Sunday, 3 September 2006

Kinokuniya Sunday.

After the Borders trip yesterday I dropped by my parents's house to say hello (and to get free dinner). Mum said it's been a long time since she visited Kinokuniya. Why not we go there tomorrow, she said. I said, fine.

So that's how I found myself in kinokuniya today, and came back out with another four books. I mentioned how I'm addicted to book buying to my mum, and she said, don't worry, it runs in the family. She added: "Better a creative mess at home, then an idle neatness."

Yay! It's great when your mum justifies your book buying spree!

Anyways, the spoils:

The Overcoat and Other Tales of Good and Evil by Nicolai V. Gogol
I blame Jhumpa Lahiri for this one.

Haruki Murakami and the Music of Words by Jay Rubin
I wanted to get Norwegian Wood but they didn't have that in the British edition so I bought this instead.

No god but God by Reza Azlan
I have a love-hate relationship with the Message of Peace. Once in a while I read non-fiction books about it.

Malay Society: Transformation & Democratisation by Khoo Kay Kim
Research material for a novel I'm writing.

I also checked the KinoNavi for Anthony Burgess's The Long Day Wanes (The Malayan Trilogy) and found one copy in their database, but the book itself wasn't on the shelf. I asked the girl at the infodesk, and they dutifully went around looking for it. After some minutes of searching, they gave up and offered to order it for me instead. No thanks, I said. It'll probably get restricted and left it at that.


  1. mystery solved - the long day wanes is behind the desk 'cos i ordered the last copy (which you can have actually) ... what you say here confirms my hunch that the american version can still come in via kino while the uk version via pansing isn't going to make it over the border

    glad you have a pile of lovely books. your parents are so supportive - you are really lucky

  2. Ah... so it IS there then. Good to hear we can order the American edition, at least. Don't worry Sharon, I don't need it, I already have a copy (my uncle's actually).

    My parents better be supportive! It's their fault I'm like this! Hahaha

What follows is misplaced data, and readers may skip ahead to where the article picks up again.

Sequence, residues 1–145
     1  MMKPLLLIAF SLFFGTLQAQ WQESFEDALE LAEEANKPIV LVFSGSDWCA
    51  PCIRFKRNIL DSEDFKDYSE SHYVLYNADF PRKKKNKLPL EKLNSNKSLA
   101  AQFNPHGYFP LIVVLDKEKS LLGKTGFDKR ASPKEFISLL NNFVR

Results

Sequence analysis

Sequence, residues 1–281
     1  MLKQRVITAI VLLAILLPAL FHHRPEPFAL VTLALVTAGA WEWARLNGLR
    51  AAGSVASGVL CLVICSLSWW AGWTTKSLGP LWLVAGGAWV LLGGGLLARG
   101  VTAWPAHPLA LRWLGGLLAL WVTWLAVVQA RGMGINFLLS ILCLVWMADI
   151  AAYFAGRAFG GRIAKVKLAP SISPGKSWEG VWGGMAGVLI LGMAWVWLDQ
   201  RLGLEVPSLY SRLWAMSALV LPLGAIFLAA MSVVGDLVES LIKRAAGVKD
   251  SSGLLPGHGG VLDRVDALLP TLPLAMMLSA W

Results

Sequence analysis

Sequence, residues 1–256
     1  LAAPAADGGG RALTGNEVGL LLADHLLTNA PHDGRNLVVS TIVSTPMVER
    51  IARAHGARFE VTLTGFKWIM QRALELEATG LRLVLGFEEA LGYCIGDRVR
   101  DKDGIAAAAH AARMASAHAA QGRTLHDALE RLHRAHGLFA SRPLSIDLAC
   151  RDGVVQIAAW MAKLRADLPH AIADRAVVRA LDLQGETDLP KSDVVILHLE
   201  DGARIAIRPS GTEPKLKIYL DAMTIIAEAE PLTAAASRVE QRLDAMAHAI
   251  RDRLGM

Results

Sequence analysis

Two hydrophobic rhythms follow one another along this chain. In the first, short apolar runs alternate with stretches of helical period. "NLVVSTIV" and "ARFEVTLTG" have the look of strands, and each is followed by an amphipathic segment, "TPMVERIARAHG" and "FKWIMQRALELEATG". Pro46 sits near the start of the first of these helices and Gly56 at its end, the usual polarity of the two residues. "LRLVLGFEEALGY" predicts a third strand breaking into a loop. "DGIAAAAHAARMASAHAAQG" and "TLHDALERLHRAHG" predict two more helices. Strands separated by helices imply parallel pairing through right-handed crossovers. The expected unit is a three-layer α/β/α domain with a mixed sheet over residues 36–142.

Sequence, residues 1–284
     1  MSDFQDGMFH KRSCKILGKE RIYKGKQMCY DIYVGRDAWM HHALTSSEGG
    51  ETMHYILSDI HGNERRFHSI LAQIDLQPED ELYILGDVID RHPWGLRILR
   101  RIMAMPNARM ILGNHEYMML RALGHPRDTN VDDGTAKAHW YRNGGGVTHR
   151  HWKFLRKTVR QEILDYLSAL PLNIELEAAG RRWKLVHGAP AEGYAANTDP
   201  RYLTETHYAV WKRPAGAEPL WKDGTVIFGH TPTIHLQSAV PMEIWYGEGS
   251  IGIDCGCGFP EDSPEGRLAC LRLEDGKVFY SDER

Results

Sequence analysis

3. It's because of the name GOGOL...isnt it?


  4. Well yes, but in Jhumpa Lahiri's Namesake, the main character's father mentions what he likes so much about Gogol, and there's this one scene that's very moving that involves Gogol's book saving his father's life, so naturally I'm inclined to start reading some of Gogol's work.

  5. Lucky you... sprees at Borders and Kino AND parents who encourage that!

    Before I moved out, I used to sneak books into the house. Books! My parents don't know how lucky they are. Sigh...

  6. Well, my parents aren't exactly encouraging... they just know they can't say anything about it as long as I don't use their money. And besides, they're guilty of it too.

  7. your uncle's copy? did your uncle tell you that burgess sent him several copies of "time for a tiger" and they got lost or stolen somehow. those copies would be worth thousands of ringgit now (signed first editions of a book that became a classic). of course, your uncle could have been bullshitting. (he and burgess had a lot in common, no wonder they got on so well)

  8. No, he didn't. But my grandmother's house is notorious for making things disappear so it's quite believable that he may have lost those copies. (My mother says once a fortune teller told her the house was situated underneath the Rainbow and that brings bad luck. Figures.)

  9. i like that story! ted, you have so much family history to write about ... and please please do

  10. Glad you liked that. I'm planning to sit down with my grandma with a tape recorder one of these days and get her to tell me her stories. Scared one day it'll be too late.


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